Andrew then fell back further, linking up both the line facing Rothenburg with the troops facing the 3rd Column. I got the artillery through Rothenburg and set it up with a flank shot into the French line, but also so that it could bear on the battalion which had broken but since been rallied and was now making its way back into the fray. Before that could happen, though, my guns had fired and the line broke, leaving a gap open for my small dragoon remnant to charge into the right-rear of the line facing 3rd Column. It copped flank fire from the rallied battalion (which I had not counted on!), so its charge was scuppered, but the remaining infantry around Rothenburg then had the opportunity to deal the final blow to French in that sector.
|Andrew contracts his line further, backing off from Rothenburg in column|
|Quinny launches a now-or-never attack on the vineyard, as the French reinforcements approach.|
|Glenn counter-charges through the vineyard. Maybe not the best choice?|
|Glenn’s troops break to the Danube, while the Austrian infantry occupy the vineyard at the top right of the picture.|
|The dragoons sneak around the village towards the open flank of the French line.|
|The Russians close in while the French consolidate.|
|The French defensive line stabilises behind Rothenburg, while the rallied infantry battalion approaches to the right flank|
|Tim’s French reinforcements engage Quinny’s troops, resulting in the routing of the landwehr!|
|Darren’s infantry advances to the rescue.|
|As do his cavalry.|
|Tim’s rearguard turn to face the threat…|
|….while his vanguard pushes on!|
|Back in the centre, the Austrians stand their ground…|
|…against determined French pressure.|
|Tim’s cavalry launch a long range flank charge against the Austrian infantry which had gained the vineyard. Here, the head of the cavalry column contact the infantry.|
|More Austrians head to the rear!|
|Behind Rothenburg, the Russian artillery position themselves for a flank shot on the line, while the cavalry protect them form the advancing column.|
|The artillery fires down the flank of the French line. Unable to stand the pressure, the line breaks and flees to the rear, opening up the flank of the rest of the line. Huzzah!|
|Waiting for the right moment, the rest of 3rd Column mass|
|Italian cavalry reinforcements appear. Too late?|
|Austrian cuirassiers charge Tim’s infantry in an attempt to stop the rot.|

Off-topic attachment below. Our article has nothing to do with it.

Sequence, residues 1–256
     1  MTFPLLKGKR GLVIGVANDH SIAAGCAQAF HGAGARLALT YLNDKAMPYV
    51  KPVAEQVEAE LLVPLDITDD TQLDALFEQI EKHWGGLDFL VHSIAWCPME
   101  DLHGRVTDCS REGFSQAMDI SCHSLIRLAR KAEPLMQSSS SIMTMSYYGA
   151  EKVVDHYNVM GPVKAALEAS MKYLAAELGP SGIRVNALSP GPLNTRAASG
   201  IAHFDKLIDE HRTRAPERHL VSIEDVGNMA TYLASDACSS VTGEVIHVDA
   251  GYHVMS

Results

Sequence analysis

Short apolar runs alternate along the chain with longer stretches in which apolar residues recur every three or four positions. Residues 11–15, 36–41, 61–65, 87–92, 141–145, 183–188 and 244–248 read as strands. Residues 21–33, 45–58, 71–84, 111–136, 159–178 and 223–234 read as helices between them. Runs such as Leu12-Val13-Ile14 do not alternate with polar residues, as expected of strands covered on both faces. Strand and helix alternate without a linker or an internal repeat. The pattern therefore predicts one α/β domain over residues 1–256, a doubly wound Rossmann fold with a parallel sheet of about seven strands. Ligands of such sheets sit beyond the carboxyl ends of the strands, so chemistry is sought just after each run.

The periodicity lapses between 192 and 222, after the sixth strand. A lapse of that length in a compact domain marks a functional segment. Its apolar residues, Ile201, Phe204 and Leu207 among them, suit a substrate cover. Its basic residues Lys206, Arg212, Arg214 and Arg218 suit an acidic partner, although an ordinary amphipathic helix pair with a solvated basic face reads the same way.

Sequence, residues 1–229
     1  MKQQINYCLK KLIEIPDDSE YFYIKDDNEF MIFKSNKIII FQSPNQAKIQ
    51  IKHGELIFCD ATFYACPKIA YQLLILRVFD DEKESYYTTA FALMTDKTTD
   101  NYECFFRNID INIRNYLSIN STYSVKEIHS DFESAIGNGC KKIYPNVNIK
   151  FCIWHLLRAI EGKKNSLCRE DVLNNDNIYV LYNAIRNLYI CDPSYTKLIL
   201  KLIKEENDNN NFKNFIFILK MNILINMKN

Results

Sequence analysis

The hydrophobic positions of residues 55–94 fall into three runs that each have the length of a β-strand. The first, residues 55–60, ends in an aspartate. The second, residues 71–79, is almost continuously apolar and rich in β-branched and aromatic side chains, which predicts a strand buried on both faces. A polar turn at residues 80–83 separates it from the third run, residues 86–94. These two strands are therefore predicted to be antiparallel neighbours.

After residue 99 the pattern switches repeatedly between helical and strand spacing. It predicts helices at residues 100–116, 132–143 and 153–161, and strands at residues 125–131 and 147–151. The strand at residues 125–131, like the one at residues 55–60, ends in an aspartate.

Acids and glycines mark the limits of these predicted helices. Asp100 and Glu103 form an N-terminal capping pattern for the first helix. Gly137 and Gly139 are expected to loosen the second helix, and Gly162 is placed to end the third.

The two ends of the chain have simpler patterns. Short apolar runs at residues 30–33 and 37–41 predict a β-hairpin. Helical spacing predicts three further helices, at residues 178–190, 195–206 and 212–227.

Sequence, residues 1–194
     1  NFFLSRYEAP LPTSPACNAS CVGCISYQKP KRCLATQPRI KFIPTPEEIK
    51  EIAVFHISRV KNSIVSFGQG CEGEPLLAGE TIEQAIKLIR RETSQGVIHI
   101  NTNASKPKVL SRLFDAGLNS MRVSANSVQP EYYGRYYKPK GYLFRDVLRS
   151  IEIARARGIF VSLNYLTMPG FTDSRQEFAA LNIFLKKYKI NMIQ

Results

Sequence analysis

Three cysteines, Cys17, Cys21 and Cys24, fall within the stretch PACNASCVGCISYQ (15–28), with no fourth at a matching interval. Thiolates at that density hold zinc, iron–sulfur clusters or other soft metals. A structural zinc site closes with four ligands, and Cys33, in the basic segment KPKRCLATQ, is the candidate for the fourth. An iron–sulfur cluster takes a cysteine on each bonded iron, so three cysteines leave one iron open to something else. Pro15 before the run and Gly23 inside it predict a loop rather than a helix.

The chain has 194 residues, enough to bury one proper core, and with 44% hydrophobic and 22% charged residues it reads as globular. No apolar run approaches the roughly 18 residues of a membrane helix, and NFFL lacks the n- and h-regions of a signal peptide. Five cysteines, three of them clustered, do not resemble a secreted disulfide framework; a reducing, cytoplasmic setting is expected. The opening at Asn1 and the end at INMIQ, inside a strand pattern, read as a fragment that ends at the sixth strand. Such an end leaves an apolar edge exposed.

|Another inconclusive charge from the French in between Rothenburg and the vineyards.|
|The Russian dragoons try a death or glory charge on the flank of the French line|
|The closed column at the top left stymied the cavalry attack with a volley of flank fire as it passed , so it’s up to the infantry! the charge goes in, spelling doom for the French defense!|
Even though the French had reinforcements arriving in the shape of Italian cavalry, it was too late. My success to the east and Quinny’s tenacity in the centre in the face of determined defence by Glenn and a spirited attack from Tim, coupled with Darren’s eventual arrival to bottle the French in, proved too much for the French to overcome. It was declared an Allied victory! Huzzah!
Burton, a classic and historic venue … the ideal setting for a video and audio online multi-platform interactive assault on common sense and common decency as Madaxeman.com launches a PODCAST… and a VIDEO PODCAST to supplement the match reports!!Se…
This is game 7 in replaying the scenarios from the Briton Publishers Operation Jupiter skirmish scenario book (Lulu PDF link). I playing them on a 4.5’x5′ table using 20mm; Games 1 to 5 used my own Advance to Cover rules (1 figure = 1 section). After the last few games, I felt 1:10 was too abstract to me and so have gone to a 1:3ish figure ratio (so 3 figures = 1 section). The rules are largely unchanged – all I have done is doubled the ranges to account for the fact is it is now company level and not battalion level; the deployed frontage of companies are different to battalions leading to the distance scale needs to be different. Background on why I am playing these is at the start of the first game post.
Germans are defending the Chateau. The British have 6 turns to take over the German aid post in the Chateau.
|Overview of the table from the British entry view – farm on the back left, chateau (the objective) on the right|
|A larger picture of the right side of the table with the road tracks through the woods a bit more visible.|
|The chateau with a large flat bare field aka potential killing field to its front.|
Note that although I am playing with 1:3 ratio and the scenario is at 1:1, I fielded the same number of figures and vehicles as the scenario.
|The British attackers, plus 4 carriers I forgot to include in the picture.|
1 Company HQ
2 Platoons, each:
4 Carriers (for one platoon)
|Two German sections (3 figs = 1 section) in the farm buildings (picture from the German edge).|
Like the previous game, after deployment I dictated the game as I was playing using a voice recorder on the PC rather than typing notes as I went along. It worked well, and I now know the game took exactly 41 minutes to play from post-deployment to the end.
|The Carriers split and go through the woods. Carriers move very fast on the roads!|
Fortunately (good planning) or unfortunately (bad luck) the carriers achieve their aim and the first carrier to enter into the farmyard is destroyed by a lucky panzefaust shot from the nearest farm building.
|Carrier destroyed by a panzerfaust from the German gruppe.|